"Initially, we can evaluate that type of architecture as particularly relevant to the special spiritual ceremonies of the Ly dynasty," he explained.

"Perhaps this was the centre of ancient Thang Long Citadel. With wooden leaves carved with dragon images buried inside the site, we infer that this architecture involved an important Buddhist ritual of the Ly dynasty."

"The site is located opposite the Kinh Thien Palace, so it may relate to the overall planning of the Imperial Citadel of Thang Long," Ngoc noted, adding that the entire structure was made of wood.

"The material belongs to a group of precious trees, so much of the timber did not rot. We found that the bamboo strings binding the timbers were still intact," he added.

After discovering the monument, researchers at home and abroad evaluated its value and proposed conservation plans.

"This is a special monument that has great cultural value. Therefore, many conservation proposals were given. The Archaeological Institute conducted numerous workshops to assess its value and propose conservation plans," said Nguyen Van Son, director of the Thang Long-Ha Noi Heritage Conservation Centre.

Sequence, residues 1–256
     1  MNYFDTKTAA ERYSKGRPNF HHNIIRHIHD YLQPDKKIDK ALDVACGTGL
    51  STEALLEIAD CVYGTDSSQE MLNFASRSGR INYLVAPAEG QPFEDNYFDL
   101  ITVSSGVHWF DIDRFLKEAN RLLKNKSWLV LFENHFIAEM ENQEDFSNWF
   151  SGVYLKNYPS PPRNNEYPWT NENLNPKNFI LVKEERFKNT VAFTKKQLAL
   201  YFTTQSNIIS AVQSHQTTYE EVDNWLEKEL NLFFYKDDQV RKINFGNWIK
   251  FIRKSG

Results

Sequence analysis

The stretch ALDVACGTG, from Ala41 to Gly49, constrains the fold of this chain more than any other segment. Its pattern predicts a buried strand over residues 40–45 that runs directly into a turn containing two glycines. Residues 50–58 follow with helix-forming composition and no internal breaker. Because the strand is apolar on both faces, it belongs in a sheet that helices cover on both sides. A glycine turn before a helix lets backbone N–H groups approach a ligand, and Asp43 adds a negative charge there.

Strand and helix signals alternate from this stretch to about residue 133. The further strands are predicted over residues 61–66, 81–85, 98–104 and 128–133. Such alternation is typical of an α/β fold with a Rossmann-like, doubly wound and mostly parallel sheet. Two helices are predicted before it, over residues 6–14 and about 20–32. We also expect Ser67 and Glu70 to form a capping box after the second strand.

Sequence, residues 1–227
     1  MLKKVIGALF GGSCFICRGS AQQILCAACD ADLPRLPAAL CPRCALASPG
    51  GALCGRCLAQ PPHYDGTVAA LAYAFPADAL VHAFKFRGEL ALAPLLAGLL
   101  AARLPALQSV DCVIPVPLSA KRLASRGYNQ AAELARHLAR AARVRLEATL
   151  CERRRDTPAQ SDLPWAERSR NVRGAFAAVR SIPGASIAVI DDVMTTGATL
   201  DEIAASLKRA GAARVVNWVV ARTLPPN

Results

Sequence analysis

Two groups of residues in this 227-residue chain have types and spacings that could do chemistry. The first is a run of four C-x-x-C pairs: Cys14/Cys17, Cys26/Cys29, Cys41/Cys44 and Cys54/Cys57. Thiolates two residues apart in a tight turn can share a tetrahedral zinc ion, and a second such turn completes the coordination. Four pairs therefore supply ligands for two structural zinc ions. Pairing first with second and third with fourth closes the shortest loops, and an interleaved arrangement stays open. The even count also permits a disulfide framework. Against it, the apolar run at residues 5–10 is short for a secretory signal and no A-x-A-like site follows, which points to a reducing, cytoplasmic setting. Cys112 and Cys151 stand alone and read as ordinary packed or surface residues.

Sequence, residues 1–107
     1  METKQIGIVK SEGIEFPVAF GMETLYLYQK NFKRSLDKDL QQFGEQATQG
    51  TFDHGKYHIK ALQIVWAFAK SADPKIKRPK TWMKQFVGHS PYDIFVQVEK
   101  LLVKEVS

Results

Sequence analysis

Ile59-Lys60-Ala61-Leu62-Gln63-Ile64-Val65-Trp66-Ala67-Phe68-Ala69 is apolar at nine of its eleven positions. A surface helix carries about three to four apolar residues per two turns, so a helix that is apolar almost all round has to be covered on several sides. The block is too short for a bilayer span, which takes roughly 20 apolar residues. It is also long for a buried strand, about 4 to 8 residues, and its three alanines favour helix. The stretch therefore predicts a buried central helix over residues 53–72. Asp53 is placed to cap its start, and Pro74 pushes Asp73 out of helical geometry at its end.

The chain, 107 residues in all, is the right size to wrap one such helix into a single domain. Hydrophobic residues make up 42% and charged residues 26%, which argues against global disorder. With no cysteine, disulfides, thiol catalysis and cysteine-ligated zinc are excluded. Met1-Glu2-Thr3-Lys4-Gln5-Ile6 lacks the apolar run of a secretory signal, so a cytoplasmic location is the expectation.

"The Viet Nam Academy of Social Sciences, in collaboration with the Ministry of Culture, Sports and Tourism and the Ha Noi People's Committee reported to the Prime Minister on its value and conservation plans. We are waiting for the Prime Minister's guidance to unify approaches to conservation," added Son. — VNS